coromandal


the fullness of freedom

In 1944 Karl Polyani wrote about good and bad freedoms.

He described bad freedom as:

“the freedom to exploit one’s fellows, or the freedom to make inordinate gains without commensurable service to the community, the freedom to keep technological inventions from being used for public benefit, or the freedom to profit from public calamities secretly engineered for private advantage”

And good freedom as:

The market economy under which these freedoms throve also produced freedoms we prize highly:  Freedom of conscience, freedom of speech, freedom of meeting, freedom of association, freedom to choose one’s own job.

For Polyani the good freedoms are “by-products of the same economy that was also responsible for the evil freedoms.”

Then he wrote a prescription for a better future; one which is broader, more transparent and inclusive and ultimately more hopeful; one which twins freedom with justice:

The passing of the market economy can become the beginning of an era of unprecedented freedom.  Juridical and actual freedom can be made wider and more general than ever before; regulation and control can achieve freedom not only for the few, but for all.  Freedom not as an appurtenance of privilege, tainted at the source, but as a prescriptive right extending far beyond the narrow confines of the political sphere into the intimate organization of society itself.  Thus will old freedoms and civic rights be added to the fund of new freedoms generated by the leisure and security that industrial society offers to all.  Such a society can afford to be both just and free.

But this better future is blocked by ‘liberal utopianism,’ which sees freedom as only possible by the narrow definitions used by the market.  This utopian market belief system attacks and silences the social institutions and processes that have been put in place to guard against corruption and to foster opportunity and hope – and indeed freedom – as broadly as possible to all members of society:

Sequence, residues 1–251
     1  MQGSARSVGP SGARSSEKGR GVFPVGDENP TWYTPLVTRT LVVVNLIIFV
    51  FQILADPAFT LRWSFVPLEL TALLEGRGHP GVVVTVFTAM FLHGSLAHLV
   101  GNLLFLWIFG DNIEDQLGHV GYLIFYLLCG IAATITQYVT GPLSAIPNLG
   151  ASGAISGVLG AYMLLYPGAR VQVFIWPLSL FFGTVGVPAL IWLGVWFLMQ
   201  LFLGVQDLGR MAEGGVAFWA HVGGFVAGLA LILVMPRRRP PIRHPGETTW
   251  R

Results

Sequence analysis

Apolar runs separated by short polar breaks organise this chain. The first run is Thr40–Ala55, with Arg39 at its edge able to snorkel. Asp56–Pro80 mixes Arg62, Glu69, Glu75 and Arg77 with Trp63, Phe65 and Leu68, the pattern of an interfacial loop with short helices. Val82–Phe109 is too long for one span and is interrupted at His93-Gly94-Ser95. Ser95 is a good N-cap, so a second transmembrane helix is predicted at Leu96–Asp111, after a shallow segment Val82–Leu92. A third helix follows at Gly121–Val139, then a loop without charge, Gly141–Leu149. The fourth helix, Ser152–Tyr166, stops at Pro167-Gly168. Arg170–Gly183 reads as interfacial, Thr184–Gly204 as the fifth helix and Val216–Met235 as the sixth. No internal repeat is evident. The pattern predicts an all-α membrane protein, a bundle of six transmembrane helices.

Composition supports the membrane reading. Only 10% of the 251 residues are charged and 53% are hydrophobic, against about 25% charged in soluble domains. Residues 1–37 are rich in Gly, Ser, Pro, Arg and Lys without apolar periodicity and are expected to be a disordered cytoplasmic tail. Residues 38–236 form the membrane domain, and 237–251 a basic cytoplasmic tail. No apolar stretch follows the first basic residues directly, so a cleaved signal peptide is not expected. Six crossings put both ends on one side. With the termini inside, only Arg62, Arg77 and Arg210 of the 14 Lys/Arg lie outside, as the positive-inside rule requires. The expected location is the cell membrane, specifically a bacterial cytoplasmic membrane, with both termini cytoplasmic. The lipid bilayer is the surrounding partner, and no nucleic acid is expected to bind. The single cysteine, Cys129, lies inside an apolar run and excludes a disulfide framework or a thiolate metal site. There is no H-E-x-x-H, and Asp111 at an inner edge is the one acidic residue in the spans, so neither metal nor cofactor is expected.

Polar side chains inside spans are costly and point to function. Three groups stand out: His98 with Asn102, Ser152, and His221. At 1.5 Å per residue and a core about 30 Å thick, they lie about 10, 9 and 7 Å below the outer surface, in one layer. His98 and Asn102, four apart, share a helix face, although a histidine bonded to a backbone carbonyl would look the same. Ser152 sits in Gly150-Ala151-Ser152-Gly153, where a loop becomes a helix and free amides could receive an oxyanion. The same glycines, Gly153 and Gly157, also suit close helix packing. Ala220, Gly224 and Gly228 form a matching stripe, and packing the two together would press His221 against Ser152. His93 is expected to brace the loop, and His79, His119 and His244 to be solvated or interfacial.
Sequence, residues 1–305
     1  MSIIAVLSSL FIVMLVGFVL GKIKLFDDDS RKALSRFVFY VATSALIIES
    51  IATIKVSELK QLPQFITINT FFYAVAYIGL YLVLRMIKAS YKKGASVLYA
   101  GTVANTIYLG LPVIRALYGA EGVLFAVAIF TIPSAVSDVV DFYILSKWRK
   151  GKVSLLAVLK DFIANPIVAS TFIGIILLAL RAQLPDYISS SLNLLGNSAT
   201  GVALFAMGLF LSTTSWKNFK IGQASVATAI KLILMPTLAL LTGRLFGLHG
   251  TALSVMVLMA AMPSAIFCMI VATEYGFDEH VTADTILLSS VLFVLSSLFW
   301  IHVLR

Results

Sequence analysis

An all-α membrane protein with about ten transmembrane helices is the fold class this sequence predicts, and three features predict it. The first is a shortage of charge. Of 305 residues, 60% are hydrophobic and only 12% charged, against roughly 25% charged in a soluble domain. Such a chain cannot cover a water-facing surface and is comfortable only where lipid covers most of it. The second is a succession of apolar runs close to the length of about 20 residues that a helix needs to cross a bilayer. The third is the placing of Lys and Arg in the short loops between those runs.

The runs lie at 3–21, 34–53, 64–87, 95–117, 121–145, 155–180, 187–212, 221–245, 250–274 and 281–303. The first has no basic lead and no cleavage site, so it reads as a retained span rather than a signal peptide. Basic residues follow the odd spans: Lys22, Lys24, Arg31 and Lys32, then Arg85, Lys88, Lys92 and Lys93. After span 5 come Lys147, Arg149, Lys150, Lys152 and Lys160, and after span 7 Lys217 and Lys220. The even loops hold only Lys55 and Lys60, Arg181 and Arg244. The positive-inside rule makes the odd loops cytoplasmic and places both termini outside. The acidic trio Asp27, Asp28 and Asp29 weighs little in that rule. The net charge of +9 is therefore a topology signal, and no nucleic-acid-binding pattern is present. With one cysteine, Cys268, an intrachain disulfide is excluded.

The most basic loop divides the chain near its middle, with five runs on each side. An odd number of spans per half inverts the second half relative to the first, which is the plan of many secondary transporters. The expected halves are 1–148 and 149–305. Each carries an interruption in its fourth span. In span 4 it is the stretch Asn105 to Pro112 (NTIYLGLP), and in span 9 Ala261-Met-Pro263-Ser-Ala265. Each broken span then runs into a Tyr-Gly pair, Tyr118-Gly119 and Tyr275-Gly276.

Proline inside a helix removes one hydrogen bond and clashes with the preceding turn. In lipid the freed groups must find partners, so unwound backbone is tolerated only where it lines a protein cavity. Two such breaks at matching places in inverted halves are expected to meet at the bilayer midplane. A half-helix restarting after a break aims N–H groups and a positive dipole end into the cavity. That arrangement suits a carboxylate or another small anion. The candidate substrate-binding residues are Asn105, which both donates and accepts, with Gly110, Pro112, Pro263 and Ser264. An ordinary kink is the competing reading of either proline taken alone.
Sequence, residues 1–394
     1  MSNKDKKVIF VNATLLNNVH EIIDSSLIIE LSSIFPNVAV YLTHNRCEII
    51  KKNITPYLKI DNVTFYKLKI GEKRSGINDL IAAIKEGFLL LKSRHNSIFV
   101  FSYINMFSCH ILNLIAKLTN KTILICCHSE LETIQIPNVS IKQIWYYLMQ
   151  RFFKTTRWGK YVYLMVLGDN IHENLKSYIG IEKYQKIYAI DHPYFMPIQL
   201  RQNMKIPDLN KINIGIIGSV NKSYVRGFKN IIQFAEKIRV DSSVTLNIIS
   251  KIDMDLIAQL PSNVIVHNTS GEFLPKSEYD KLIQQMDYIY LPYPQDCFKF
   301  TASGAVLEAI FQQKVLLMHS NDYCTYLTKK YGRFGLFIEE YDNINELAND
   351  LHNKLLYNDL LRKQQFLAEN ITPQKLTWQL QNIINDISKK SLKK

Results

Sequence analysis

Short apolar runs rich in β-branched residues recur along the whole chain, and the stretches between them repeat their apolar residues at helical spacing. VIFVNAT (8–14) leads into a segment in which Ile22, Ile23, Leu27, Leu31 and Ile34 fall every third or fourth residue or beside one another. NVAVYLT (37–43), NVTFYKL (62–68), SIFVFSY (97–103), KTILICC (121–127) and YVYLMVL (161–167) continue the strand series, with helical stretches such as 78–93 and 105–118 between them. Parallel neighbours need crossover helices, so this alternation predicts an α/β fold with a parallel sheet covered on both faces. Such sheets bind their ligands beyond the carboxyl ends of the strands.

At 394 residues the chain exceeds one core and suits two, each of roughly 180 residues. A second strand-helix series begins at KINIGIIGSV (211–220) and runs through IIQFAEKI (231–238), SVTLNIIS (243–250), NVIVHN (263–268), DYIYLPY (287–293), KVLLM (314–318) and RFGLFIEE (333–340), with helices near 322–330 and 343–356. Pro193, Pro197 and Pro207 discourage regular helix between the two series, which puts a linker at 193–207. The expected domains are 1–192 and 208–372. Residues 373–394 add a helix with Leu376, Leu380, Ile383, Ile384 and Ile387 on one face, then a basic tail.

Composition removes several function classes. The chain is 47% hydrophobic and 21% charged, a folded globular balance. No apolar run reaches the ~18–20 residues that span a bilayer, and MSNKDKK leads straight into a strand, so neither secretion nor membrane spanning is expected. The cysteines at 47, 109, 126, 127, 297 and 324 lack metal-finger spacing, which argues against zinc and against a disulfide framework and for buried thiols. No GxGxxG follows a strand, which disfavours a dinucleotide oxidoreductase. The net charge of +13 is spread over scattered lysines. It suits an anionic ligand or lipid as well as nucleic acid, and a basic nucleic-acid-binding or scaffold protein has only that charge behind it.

Planning and control are being attacked as a denial of freedom.  Free enterprise and private ownership are declared to be essentials of freedom.  No society built on other foundations is said to deserve to be called free.  The freedom that regulation creates is denounced as unfreedom; the justice, liberty and welfare it offers are decried as a camouflage of slavery.

The result of this attack by utopian liberalism is what we have today.  He says the idea of freedom:

‘thus degenerates into a mere advocacy of free enterprise … the fullness of freedom for those whose income, leisure and security need no enhancing, and a mere pittance of liberty for the people, who may in vain attempt to make use of their democratic rights to gain shelter from the power of the owners of property.’

So you have many options in terms of how to react:  to become a market utopianist and embrace the brave new market world;  or to fall into a deep malaise and hope for choice scraps that may or may not trickle from the tables of the leisure classes.  Or I like the third way, Polyani’s prescription for a marriage between market and social freedoms.  Talking about it is important; working to implement it even better.

From A Brief History of Neoliberalism, by David Harvey

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